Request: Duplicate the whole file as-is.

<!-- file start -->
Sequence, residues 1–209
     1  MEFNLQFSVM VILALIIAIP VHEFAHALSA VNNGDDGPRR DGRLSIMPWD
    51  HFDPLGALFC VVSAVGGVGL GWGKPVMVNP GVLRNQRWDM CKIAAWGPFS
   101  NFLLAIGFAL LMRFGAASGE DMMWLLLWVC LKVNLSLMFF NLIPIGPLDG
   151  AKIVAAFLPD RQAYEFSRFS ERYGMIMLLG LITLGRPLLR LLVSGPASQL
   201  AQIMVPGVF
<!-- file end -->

Sequence, residues 1–209
     1  MEFNLQFSVM VILALIIAIP VHEFAHALSA VNNGDDGPRR DGRLSIMPWD
    51  HFDPLGALFC VVSAVGGVGL GWGKPVMVNP GVLRNQRWDM CKIAAWGPFS
   101  NFLLAIGFAL LMRFGAASGE DMMWLLLWVC LKVNLSLMFF NLIPIGPLDG
   151  AKIVAAFLPD RQAYEFSRFS ERYGMIMLLG LITLGRPLLR LLVSGPASQL
   201  AQIMVPGVF